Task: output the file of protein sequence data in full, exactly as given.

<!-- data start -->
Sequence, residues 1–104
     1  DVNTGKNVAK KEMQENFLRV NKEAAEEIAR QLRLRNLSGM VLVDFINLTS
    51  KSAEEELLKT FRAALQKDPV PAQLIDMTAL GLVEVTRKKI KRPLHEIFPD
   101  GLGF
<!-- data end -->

Sequence, residues 1–104
     1  DVNTGKNVAK KEMQENFLRV NKEAAEEIAR QLRLRNLSGM VLVDFINLTS
    51  KSAEEELLKT FRAALQKDPV PAQLIDMTAL GLVEVTRKKI KRPLHEIFPD
   101  GLGF